API magazine
June 10, 2020
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The airline industry has been working its way toward a biofuel solution, but progress has been slow, and scale is still a problem. A tipping point does appear at hand, however. ASTM International, the agency that certifies jet fuel, has introduced a fast track process for biofuel producers with guidance from the US FAA. The first such formula to achieve certification under the new process involves the gasification of municipal solid waste, forest waste and other biomass in a blend with fossil fuel. Investment by oil and gas stakeholders is also playing a role. Commercial prospects seem distant. However, the growing urgency of climate action may restart interest in market-worthy algae-based fuels, as algae farming can provide a means of capturing and recycling carbon directly from power plants and other industrial operations.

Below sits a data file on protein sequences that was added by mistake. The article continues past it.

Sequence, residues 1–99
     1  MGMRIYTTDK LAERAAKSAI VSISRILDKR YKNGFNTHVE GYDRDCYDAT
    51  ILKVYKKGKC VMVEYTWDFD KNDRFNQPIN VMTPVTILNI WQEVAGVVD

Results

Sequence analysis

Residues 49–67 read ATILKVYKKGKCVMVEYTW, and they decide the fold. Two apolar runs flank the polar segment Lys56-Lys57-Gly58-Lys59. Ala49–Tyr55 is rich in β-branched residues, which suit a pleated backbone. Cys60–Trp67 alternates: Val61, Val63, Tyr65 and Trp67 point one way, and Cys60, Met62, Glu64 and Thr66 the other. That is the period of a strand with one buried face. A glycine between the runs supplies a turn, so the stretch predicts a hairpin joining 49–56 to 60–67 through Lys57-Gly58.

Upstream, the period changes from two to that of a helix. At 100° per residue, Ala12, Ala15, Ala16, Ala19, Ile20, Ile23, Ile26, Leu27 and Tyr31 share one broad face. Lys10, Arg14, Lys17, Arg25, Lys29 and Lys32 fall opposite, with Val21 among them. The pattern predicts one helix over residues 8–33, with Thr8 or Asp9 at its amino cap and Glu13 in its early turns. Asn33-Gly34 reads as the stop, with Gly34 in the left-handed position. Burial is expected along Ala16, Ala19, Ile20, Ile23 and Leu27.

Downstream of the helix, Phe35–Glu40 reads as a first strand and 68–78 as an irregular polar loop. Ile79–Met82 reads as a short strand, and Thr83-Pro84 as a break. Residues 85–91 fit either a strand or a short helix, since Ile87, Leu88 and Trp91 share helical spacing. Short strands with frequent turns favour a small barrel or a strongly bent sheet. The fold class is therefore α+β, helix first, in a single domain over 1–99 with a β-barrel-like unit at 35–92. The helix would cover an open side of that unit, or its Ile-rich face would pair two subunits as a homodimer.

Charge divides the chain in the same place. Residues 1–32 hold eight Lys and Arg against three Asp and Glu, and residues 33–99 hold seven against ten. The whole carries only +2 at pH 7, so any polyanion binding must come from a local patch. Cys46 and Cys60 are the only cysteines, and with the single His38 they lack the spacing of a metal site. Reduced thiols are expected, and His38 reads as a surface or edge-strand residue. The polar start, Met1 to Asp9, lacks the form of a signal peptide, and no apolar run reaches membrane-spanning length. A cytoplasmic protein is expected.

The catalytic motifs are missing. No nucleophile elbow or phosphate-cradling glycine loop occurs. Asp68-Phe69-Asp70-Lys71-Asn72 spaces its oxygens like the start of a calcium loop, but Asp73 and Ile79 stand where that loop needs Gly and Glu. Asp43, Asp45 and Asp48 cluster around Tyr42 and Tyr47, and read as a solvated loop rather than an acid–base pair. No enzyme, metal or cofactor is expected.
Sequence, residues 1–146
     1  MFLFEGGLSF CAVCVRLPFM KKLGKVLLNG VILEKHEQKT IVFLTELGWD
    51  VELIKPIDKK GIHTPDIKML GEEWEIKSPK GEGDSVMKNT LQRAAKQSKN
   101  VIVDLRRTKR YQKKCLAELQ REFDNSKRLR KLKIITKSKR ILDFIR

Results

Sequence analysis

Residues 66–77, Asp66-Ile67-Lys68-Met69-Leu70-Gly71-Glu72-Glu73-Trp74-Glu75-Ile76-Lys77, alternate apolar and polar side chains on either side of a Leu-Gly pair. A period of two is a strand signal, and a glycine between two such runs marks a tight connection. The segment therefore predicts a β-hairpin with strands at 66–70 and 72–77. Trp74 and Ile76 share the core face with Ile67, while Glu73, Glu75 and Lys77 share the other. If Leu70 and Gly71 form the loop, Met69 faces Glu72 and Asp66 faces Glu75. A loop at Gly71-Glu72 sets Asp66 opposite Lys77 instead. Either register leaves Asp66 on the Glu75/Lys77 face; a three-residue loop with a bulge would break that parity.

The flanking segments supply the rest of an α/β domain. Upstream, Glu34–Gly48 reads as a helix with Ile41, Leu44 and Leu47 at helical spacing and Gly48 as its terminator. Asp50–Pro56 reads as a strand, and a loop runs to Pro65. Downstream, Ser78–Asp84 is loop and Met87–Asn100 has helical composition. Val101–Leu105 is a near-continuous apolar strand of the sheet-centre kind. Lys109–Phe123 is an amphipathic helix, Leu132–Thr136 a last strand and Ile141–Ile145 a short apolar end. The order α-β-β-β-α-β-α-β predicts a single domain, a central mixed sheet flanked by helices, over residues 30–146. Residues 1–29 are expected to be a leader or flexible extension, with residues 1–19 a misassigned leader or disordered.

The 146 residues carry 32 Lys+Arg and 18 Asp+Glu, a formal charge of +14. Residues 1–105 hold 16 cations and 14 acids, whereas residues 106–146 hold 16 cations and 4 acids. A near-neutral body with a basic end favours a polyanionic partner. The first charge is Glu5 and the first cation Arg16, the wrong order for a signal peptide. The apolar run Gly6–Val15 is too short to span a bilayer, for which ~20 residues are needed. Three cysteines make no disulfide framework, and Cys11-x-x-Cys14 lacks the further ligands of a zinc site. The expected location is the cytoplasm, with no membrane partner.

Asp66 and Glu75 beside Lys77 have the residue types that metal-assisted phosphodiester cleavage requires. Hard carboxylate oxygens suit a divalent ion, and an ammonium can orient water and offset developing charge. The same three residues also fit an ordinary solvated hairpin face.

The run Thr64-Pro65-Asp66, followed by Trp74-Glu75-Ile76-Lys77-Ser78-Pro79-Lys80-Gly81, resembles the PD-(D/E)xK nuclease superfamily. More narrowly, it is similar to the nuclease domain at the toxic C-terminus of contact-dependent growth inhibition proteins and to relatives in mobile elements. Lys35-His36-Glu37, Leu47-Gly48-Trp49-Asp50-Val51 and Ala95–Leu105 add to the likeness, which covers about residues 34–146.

The tar sands oil company Suncor has joined with the Japanese financial firm Mitsui in a combined USD 25 million biofuel venture called LanzaJet, which is an offshoot of the biotech firm LanzaTech. All Nippon Airways is also participating in the venture. LanzaTech has developed a robust microbe-based carbon recycling process that deploys living organisms to digest waste gas, with substantial assistance from the US Department of Energy. Under the new partnership, LanzaJet will build a 10 million gal/year demonstration plant in Georgia, with an additional USD 14 million in assistance from the Energy Department. The plant is expected to begin operations in 2022. Suncor and Mitsui have also developed a novel “phased investment” plan aimed at spurring interest among other investors in additional facilities, on an accelerated timeline. Years of work lie ahead as the airline industry unpacks its dependence on fossil fuels. However, the industry is moving forward even in the depths of the Covid-19 pandemic. The accelerated jet biofuel certification process, the use of more sustainable feedstocks, the carbon recycling angle and the scale-up of investor interest in new technology all point the way to more sustainable air travel as the global health crisis eases.